Cape Verde–European Union relations

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Cabo Verde–European Union relations
Map indicating locations of European Union and Cape Verde

European Union

Cape Verde
Coat of arms of Cape Verde.svg
This article is part of a series on the
politics and government of
Cape Verde

Cabo Verde is an island nation, part of the Macaronesian group of islands of the Atlantic Ocean and was a former Portuguese colony during the colonial era between 1460 and 1975. In March 2005 former Portuguese president Mário Soares launched a petition urging the European Union to start membership talks with it, saying that Cabo Verde could act as a bridge between Africa, Latin America and the EU.[1]

Cabo Verde is 97% Christian and its background is a fusion of African, Asian, European and South American backgrounds, where about 70%[2] is African and mixed. Less than 30% is African,[2] while about 1% is of unmixed European descent. Because of this, Cabo Verdeans find it hard to define themselves as either mixed or Africans. They regard themselves as either both or as unique Cabo Verdeans. Politically, Cabo Verdeans also worked as part of the Portuguese administration,[3] with independence leader Amílcar Cabral being part of the colonial administration in Guinea-Bissau and Angola.

Cabo Verde's per capita GDP is lower than any of the current member states, accession countries, or candidate countries. However, it is higher than that of some of the EU-designated "potential candidate countries" of the Western Balkans like Bosnia and Herzegovina. In terms of respect of democracy the Freedom house report ranks Cabo Verde top in Africa[4] and again Cabo Verde has a better ranking than that of some designated "potential candidate or member countries" of the EU: Bosnia and Herzegovina, Croatia, and Albania.[5] Most of the imports and exports of Cabo Verde are for and from the European Union, and it has a service-based economy. Its currency, the escudo, is pegged to the euro.[6][7]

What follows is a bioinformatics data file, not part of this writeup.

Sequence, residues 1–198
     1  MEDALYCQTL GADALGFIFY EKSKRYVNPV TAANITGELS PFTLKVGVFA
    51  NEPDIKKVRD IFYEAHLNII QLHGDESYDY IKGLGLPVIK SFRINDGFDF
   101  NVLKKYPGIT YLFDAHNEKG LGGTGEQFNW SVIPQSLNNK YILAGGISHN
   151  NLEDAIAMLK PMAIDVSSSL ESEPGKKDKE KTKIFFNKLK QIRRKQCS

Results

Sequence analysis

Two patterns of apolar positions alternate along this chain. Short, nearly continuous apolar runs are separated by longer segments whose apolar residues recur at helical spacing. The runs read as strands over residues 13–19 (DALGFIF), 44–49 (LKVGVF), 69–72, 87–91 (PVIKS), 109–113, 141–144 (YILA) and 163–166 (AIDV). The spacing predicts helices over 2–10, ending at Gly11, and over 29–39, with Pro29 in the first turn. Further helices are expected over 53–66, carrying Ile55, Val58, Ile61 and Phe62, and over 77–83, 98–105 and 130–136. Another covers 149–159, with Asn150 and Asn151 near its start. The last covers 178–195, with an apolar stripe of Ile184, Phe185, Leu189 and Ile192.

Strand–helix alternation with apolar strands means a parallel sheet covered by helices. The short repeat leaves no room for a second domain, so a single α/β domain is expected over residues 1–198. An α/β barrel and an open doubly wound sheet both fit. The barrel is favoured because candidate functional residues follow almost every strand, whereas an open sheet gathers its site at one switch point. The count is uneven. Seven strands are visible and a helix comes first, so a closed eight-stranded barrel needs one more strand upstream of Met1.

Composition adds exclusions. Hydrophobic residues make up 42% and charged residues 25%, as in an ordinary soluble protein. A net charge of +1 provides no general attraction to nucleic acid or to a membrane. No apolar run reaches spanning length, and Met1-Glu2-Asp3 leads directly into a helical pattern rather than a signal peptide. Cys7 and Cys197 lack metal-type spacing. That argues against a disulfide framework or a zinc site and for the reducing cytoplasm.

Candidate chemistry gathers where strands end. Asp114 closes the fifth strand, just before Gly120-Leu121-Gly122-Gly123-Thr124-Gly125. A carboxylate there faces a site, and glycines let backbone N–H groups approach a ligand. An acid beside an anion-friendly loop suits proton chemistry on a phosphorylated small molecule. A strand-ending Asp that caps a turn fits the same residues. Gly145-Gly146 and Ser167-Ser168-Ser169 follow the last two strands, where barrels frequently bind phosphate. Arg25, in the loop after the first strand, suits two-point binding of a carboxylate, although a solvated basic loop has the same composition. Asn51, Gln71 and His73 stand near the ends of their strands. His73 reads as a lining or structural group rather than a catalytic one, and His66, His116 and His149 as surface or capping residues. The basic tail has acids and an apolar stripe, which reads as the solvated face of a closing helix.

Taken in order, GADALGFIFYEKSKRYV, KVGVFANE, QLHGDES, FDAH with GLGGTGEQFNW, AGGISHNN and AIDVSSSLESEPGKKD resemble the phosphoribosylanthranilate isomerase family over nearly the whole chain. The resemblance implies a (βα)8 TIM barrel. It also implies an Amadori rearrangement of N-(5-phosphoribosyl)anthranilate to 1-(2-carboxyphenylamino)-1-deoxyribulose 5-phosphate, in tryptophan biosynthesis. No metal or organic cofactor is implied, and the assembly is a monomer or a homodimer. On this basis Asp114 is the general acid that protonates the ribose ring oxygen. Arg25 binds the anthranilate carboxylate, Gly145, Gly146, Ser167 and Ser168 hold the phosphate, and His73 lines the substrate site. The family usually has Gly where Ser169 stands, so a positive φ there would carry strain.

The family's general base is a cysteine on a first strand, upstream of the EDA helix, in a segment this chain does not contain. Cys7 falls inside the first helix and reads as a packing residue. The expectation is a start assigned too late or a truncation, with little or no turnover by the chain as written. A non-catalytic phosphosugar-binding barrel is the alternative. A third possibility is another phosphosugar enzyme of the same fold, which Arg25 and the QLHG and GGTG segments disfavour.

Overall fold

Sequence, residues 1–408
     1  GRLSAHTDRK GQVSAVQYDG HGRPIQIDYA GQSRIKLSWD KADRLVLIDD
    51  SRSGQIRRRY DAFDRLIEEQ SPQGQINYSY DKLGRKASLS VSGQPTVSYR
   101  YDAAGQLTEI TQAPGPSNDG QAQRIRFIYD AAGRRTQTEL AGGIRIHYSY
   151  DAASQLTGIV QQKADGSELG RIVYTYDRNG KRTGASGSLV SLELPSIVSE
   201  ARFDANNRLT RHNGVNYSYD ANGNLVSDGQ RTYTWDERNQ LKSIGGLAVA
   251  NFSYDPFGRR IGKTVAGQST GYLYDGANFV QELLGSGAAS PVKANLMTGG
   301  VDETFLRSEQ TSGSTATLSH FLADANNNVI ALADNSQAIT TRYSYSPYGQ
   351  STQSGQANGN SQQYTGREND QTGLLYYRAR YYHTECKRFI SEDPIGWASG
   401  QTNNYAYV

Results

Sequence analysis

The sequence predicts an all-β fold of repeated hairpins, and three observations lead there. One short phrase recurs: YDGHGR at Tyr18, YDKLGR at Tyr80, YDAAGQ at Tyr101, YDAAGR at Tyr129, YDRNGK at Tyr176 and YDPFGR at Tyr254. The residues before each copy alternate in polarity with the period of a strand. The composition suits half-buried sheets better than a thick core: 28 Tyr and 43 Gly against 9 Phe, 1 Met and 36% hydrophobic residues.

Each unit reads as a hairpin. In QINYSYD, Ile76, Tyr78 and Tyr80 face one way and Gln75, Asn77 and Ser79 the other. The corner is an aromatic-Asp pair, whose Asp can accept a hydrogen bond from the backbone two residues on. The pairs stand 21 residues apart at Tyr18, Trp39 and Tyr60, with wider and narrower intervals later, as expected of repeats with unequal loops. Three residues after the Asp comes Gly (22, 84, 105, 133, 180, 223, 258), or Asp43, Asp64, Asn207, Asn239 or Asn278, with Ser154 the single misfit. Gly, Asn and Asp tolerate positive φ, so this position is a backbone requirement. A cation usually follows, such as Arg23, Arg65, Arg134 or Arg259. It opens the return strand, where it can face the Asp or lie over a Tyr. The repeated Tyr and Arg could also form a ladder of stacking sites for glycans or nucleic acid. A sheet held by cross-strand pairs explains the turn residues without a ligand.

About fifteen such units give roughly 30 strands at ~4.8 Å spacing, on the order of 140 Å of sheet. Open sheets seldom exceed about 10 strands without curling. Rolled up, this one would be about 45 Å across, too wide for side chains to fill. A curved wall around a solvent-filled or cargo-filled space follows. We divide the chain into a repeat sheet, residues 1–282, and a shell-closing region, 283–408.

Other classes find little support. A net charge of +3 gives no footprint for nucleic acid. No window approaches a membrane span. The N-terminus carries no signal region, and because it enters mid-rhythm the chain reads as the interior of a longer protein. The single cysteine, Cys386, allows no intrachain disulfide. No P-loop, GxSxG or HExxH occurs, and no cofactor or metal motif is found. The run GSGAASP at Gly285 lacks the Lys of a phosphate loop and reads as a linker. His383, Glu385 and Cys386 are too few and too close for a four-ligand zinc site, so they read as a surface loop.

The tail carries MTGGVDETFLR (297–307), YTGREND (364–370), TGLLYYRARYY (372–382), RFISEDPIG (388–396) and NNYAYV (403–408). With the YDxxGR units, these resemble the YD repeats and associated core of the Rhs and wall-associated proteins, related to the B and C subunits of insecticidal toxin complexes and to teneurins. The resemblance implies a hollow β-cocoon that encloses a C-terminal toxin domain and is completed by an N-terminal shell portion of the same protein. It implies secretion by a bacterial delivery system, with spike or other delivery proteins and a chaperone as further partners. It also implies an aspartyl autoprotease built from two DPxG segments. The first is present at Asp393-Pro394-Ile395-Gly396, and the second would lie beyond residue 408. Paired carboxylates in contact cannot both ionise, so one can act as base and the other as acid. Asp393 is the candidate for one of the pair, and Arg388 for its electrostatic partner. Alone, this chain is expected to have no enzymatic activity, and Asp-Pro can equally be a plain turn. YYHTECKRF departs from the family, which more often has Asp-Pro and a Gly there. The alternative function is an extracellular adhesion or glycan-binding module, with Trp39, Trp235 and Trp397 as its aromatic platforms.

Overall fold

Although the Cabo Verde archipelago is geographically in Africa, there have been similar situations before. Cyprus is an island nation which, despite being geographically in Asia, has already joined both the Council of Europe and the EU. Furthermore, the Cabo Verde islands are part of the same island group as the Canary Islands (part of Spain), Madeira Islands (part of Portugal) and Azores Islands (part of Portugal), known as Macaronesia. There is currently no political recognition by the EU of Cabo Verde as a European state, but unlike in the case of Morocco, there is no formal rejection either.

Cabo Verde is a member of the Economic Community of West African States (ECOWAS),[8] an African regional bloc with aims for internal integration similar to those of the EU, and even though it has not yet participated in all of its activities, it cannot have membership in both organizations at the same time. It is also a member of the African Union, an organization aiming for a common currency in Africa, a single defense force for the African continent and an African Union head of state.

Recently Cabo Verde has been distancing itself from its regional African partners[citation needed] and forging closer ties with the EU. In a move signaling its preparation to loosen ties with the West African regional bloc,[citation needed] the government of Cabo Verde in September 2006 declared its intentions on suspending the ECOWAS free movement of goods and trade. Prime Minister José Maria Neves announced that his country will start imposing restrictions on the entrance of citizens from all ECOWAS member states. The Cabo Verde government soon will present ECOWAS with proposals for "special status" instead of full membership.[9] This is also an effort to limit the recent rise of illegal immigration of other West African nationals using Cabo Verde and its proximity to the Canary Islands as a springboard towards Europe. Cabo Verde is also a member of the Generalised System of Preferences with further incentives for good governance (GSP+).

Complementing Cabo Verde's efforts to join the EU, the Macaronesian group of islands (the Azores, Madeira, and the Canary Islands) are throwing their support for their regional brethren.[10] The Atlantic group of Islands are pushing for an entrance of Cabo Verde into the EU under a special status.[11]

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